The invention will now be described more fully with reference to the accompanying drawings showing a few embodiments. The drawings show in:

FIG. 1 a drastically simplified, schematic perspective view of a complex machine comprising a device embodying the invention,

FIG. 2 a sectional view II--II in FIG. 1,

FIG. 3 a sectional view III--III in FIG. 1,

FIG. 4 a perspective view of a further embodiment of a combined machine in accordance with the invention,

FIG. 5 a further detailed, fragmentary, perspective view of detail V of FIG. 4 on an enlarged scale,

FIG. 6 a schematic plan view of the detail of FIG. 5,

FIG. 7 a cross-sectional view VII--VII of FIG. 5,

FIG. 8 a cross-sectional view VIII--VIII in FIG. 5,

FIG. 9 on an enlarged scale detail IX of FIG. 1,

FIG. 10 a cross-sectional view of a stack supply device of a further device embodying the invention,

FIG. 11 on an enlarged scale the stack unpacking device of FIG. 10,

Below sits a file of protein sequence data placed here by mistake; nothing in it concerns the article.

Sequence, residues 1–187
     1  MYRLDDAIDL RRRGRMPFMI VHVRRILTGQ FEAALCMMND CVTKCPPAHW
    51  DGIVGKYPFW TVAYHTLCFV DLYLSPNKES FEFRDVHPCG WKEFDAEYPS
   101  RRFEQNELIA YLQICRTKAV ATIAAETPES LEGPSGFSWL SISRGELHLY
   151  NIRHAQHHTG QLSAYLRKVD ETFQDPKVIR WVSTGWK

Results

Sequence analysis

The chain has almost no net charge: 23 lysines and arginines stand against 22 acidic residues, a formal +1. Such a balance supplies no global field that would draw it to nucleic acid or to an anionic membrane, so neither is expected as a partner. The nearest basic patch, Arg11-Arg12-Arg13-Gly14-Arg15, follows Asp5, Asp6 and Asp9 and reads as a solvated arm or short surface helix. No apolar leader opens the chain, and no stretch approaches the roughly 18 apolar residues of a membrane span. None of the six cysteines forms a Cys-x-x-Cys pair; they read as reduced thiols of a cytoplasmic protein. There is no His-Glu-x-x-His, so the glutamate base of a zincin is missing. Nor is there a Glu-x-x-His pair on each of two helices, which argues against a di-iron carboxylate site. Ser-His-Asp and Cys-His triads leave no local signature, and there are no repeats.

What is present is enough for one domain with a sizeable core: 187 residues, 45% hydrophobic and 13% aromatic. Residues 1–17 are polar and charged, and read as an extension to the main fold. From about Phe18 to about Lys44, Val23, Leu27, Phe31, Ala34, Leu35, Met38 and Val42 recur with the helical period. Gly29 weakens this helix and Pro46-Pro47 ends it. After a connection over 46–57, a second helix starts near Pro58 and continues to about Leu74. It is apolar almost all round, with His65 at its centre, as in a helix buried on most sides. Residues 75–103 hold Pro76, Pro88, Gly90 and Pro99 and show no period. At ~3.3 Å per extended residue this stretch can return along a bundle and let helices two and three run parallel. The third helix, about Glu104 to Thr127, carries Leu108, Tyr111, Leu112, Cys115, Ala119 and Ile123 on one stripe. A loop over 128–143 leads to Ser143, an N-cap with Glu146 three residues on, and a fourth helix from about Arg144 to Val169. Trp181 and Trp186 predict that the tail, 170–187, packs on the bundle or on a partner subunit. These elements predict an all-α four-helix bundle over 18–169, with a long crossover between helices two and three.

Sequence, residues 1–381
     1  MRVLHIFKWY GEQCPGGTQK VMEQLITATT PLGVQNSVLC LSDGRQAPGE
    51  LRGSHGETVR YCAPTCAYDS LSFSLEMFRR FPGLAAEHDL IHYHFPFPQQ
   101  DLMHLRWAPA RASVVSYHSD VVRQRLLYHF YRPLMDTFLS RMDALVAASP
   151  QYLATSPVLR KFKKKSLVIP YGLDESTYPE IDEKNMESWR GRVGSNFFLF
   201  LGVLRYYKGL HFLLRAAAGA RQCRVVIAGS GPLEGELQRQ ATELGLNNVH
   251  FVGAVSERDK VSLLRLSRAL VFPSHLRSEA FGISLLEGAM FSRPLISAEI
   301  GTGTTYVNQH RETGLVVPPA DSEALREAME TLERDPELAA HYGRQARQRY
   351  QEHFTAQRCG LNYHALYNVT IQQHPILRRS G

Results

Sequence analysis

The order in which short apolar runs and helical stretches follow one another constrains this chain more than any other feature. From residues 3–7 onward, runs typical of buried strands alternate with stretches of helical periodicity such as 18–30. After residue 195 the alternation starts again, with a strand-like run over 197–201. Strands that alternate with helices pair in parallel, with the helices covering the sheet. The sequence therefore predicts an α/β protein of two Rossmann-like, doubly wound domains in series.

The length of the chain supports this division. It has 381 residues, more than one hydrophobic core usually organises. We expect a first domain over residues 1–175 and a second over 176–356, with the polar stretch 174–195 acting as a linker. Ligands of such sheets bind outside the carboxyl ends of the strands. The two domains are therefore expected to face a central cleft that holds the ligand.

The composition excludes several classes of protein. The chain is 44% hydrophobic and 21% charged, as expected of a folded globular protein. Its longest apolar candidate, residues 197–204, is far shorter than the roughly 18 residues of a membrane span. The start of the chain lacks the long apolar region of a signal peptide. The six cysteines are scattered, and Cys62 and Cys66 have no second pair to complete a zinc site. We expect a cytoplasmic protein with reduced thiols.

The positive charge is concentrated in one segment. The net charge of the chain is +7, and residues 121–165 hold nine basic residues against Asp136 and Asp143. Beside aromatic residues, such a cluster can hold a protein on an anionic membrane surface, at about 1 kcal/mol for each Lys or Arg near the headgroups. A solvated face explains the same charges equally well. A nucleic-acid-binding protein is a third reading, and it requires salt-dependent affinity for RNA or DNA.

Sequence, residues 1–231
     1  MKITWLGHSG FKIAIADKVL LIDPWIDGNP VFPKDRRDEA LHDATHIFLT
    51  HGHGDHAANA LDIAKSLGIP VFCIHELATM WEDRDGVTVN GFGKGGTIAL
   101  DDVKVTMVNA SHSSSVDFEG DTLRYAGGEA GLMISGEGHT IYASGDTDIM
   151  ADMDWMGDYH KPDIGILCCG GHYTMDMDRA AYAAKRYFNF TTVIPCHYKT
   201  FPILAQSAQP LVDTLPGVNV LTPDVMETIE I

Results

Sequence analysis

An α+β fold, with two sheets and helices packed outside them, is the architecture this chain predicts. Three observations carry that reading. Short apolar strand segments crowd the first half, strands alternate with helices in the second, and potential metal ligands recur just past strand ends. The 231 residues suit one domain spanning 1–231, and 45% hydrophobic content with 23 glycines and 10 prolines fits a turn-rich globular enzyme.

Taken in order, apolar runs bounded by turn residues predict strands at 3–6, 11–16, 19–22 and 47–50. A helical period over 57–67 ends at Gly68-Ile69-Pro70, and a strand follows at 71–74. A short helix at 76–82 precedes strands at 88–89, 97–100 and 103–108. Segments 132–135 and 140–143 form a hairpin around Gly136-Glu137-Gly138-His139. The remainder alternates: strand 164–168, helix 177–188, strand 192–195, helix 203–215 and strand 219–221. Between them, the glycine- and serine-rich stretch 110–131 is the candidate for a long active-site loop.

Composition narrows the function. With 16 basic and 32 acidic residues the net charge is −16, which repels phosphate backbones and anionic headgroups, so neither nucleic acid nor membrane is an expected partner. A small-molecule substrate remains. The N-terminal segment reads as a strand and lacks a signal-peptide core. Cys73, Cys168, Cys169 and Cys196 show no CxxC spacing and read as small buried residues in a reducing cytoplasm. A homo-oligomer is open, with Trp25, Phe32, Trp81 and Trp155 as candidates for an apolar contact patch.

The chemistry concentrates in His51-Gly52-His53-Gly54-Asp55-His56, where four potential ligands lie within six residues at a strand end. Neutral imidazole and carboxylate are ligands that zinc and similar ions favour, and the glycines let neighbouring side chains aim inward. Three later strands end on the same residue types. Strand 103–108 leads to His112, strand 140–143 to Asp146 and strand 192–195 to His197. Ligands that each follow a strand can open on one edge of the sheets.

FIGS. 12 to 14 and 16 to 19 fragmentary longitudinal views of a stack supply device to be arranged at the inlet end of the transport device embodying the invention in consecutive operational positions,

FIG. 15 a cross-sectional view of the stack unpacking device of FIG. 10 to be arranged at the input end of the transport device embodying the invention,

FIGS. 20 and 21 schematic views of the inlet end of the transport device of FIG. 1 embodying the invention in two different positions,

FIG. 22 a fragmentary side elevation of an inlet end of a further transport device embodying the invention, with which the stack supply device of FIGS. 10 to 19 can be connected,

FIGS. 23 and 24 schematic sectional views taken on the lines XXIII--XXIII and XIV--XIV respectively in FIG. 22 and

FIG. 25 a preferred variant of the sectional view of FIG. 23 on an enlarged scale.